Stock Indexes Move Mostly Higher as Apple Hits $1 Trillion

Traders on the floor of the New York Stock Exchange, Thursday. (AP Photo/Richard Drew)

U.S. stocks shook off an early stumble and climbed Thursday, led by gains in technology companies as Apple reached $1 trillion in value. Consumer products and health-care companies rose as second-quarter results from corporate America continued to surpass investors’ expectations.

Overseas markets fell after the White House said it will consider even higher tariffs on Chinese imports, escalating a trade conflict between the world’s two biggest economic powers.

KEEPING SCORE: The S&P 500 index rose 15 points, or 0.5 percent, to 2,828 as of 2:10 p.m. Eastern time. The Dow Jones Industrial Average rose 23 points, or 0.1 percent, to 25,357. The Nasdaq composite jumped 95 points, or 1.2 percent, to 7,802. The Russell 2000 index of smaller-company stocks added 12 points, or 0.8 percent, to 1,681.

TRILLION-DOLLAR TITAN: Apple rallied for the second day in a row and its market value reached $1 trillion shortly before noon. It is the first publicly traded company to hit that milestone.

With a rise of 3.4 percent to $208.24, Apple’s value stood at a bit more than $1 trillion. The stock jumped 5.9 percent Wednesday after Apple announced strong quarterly revenue and higher iPhone sales prices and gave a solid forecast for the current period.

Saudi Arabia’s state-owned oil company, known as Saudi Aramco, has taken steps to prepare for an initial public offering, and Saudi officials say the IPO will value the company at around $2 trillion. But it’s not clear when that offering might happen and without it, it’s difficult to value the company.

THE QUOTE: Despite its eye-popping capitalization, by some measurements Apple stock isn’t very expensive. The stock is now trading at about 17.7 times its expected earnings over the next year. That’s about the same as the rest of the S&P 500, and Apple has bigger profit margins.

GBH Insights analyst Daniel Ives said that the milestone reflects Apple’s unique position as a technology company that sells numerous products that work together and that people stick with.

“Once you buy one Apple device in a household, likely you’re going to buy multiple, three, four, five devices,” he said. “They’ve built a consumer-product empire.”

EARNINGS POWER: Consumer-products maker Clorox rallied 6.3 percent to $142.67 after its fiscal-fourth-quarter profit and its forecast for the current year were both better than analysts had expected. That helped other companies that make household goods. Procter & Gamble gained 1.9 percent to $82.16.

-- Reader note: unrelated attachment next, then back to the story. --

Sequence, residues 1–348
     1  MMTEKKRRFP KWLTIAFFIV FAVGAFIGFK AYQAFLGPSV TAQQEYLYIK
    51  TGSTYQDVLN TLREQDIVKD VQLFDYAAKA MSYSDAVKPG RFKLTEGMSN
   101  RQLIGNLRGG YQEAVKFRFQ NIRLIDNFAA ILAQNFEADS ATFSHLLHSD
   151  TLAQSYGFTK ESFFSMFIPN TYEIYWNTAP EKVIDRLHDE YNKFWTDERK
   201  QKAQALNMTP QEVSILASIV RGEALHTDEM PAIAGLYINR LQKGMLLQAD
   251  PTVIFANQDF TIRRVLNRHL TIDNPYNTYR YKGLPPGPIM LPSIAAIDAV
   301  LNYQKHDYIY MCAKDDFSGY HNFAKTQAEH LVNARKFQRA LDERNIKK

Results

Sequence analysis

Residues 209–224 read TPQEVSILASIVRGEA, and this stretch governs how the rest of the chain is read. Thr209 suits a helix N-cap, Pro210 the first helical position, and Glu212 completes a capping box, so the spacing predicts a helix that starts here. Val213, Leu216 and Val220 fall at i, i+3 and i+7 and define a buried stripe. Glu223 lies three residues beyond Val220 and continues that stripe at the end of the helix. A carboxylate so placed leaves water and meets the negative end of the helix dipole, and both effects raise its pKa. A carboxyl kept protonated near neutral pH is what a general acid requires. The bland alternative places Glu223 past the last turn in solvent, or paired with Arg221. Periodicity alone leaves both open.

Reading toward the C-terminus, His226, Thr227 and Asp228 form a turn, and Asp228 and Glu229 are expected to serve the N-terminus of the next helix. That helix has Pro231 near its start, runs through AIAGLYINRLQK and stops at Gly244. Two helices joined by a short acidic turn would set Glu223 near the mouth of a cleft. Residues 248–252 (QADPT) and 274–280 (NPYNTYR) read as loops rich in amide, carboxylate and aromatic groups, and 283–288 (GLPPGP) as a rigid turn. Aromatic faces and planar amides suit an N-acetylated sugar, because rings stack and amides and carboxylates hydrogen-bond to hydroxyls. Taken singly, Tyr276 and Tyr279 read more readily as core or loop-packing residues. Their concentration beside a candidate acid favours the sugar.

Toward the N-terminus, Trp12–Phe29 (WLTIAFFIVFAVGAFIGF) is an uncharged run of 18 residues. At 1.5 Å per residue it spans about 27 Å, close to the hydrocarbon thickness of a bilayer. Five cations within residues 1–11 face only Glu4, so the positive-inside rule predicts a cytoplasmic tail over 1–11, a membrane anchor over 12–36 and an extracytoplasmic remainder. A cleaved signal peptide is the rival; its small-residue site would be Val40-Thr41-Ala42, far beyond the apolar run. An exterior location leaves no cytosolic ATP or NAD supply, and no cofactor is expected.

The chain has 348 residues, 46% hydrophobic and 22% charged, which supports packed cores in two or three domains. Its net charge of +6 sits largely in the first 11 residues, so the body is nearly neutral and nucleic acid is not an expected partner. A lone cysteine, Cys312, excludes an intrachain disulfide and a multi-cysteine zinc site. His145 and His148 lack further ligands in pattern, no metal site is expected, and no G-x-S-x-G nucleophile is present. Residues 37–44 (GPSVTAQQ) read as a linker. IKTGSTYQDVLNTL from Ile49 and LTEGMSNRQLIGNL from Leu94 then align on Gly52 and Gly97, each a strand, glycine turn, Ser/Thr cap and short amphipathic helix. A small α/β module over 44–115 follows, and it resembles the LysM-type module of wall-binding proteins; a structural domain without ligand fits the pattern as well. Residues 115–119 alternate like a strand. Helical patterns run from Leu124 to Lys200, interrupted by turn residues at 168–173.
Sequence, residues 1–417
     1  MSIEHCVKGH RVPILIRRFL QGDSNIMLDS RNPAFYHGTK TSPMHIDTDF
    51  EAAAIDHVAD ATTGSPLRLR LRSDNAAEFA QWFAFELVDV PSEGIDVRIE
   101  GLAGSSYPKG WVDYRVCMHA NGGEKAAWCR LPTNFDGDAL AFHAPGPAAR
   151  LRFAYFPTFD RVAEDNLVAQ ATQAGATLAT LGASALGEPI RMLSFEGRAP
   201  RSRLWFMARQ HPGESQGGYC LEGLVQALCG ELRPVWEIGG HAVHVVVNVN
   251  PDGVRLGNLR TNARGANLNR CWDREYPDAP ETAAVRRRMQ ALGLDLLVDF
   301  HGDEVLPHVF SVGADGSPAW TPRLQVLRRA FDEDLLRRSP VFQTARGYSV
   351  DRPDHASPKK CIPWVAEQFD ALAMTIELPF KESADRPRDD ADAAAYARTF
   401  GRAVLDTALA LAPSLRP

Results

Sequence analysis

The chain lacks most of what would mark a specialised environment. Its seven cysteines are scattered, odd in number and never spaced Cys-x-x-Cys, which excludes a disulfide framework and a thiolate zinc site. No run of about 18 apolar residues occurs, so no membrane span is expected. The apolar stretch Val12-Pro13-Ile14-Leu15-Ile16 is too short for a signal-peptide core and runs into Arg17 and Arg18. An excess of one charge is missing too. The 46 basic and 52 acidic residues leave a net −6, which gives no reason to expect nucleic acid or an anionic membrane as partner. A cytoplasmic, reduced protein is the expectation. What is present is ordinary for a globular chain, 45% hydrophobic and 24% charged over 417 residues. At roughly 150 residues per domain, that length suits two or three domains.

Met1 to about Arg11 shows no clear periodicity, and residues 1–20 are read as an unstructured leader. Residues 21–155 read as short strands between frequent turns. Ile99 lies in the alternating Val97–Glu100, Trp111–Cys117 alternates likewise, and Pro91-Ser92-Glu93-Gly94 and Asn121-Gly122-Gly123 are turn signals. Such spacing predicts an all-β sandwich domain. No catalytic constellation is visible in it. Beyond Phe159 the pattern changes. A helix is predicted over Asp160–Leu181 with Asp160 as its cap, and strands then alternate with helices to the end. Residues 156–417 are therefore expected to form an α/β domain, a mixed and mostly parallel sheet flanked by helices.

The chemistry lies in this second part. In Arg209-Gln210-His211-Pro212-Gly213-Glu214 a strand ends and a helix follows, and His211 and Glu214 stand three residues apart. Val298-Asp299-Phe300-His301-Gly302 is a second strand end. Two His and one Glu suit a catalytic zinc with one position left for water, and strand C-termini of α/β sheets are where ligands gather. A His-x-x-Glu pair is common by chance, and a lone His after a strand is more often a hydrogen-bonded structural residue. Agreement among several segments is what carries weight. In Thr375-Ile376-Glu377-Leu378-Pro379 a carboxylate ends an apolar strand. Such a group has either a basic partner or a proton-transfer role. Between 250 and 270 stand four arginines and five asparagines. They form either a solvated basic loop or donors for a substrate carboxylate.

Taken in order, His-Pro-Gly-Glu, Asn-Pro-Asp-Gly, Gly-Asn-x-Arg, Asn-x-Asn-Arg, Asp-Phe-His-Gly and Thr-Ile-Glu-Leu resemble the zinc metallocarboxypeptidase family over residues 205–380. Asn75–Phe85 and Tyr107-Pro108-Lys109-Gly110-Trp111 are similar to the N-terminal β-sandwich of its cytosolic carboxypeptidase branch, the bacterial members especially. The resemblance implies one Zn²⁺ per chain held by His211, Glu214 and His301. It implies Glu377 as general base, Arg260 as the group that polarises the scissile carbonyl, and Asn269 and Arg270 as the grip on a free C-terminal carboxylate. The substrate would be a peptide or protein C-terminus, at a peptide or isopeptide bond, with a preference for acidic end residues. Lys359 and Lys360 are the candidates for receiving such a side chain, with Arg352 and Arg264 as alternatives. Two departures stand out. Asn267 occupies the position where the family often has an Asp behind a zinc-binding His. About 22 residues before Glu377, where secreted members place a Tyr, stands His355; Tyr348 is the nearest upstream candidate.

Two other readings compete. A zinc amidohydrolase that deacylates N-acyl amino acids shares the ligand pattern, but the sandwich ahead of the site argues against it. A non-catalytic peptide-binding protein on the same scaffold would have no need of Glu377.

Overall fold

Animal-health company Zoetis jumped 5.9 percent to $91.09, and drugmaker Regeneron added 6.6 percent to $395.64.

As of Wednesday, more than 300 companies in the S&P 500 have reported their quarterly results. S&P Global Markets Intelligence says more than 80 percent of those companies have announced larger profits than analysts had expected. Total S&P 500 earnings are expected to grow 24 percent compared to last year.

TRADE TALK: The Trump administration said it might put a 25-percent tax on $200 billion in imports from China. That is up from a 10-percent tax it proposed in June. The government will seek public comment on the higher tariffs. A hearing on the levies is scheduled for Aug. 20-23.

JUICED UP: Tesla climbed 14.2 percent to $343.54. The electric-car maker said production of its lower-cost Model 3 sedan is growing and CEO Elon Musk said the company doesn’t expect to need to raise more money from investors.

TRIPPED UP: TripAdvisor sank 13.9 percent to $49.62 as the travel-booking site reported weaker sales than analysts had expected and said revenue from hotels decreased.

BONDS: Bond prices edged higher. The yield on the 10-year Treasury note fell to 2.99 percent from 3 percent.

OVERSEAS: The DAX index in export-reliant Germany tumbled 1.5 percent and the CAC 40 in France lost 0.7 percent. Britain’s FTSE 100 slid 1 percent after the Bank of England raised its main interest rate.

Japan’s Nikkei 225 index sank 1 percent and Hong Kong’s Hang Seng dropped 2.2 percent. The Kospi in South Korea shed 1.6 percent.

CENTRAL BANKS: The Bank of England raised its key rate, as expected, but said it would be cautious about further increases as Britain prepares to leave the European Union. The bank’s main interest rate is the highest it’s been since 2009, during the global financial crisis. The pound fell to $1.3061 from $1.3130.

ENERGY: Benchmark U.S. crude rose 2.1 percent to $69.09 a barrel in New York. Brent crude, used to price international oils, gained 1.8 percent to $73.67 a barrel in London.

METALS: Gold lost 0.6 percent to $1,220.10 an ounce. Silver fell 0.4 percent to $15.39 an ounce. Copper dipped 0.4 percent to $2.74 a pound.

CURRENCIES: The dollar rose to 111.68 yen from 111.56 yen. The euro slipped to $1.1602 from $1.1664.

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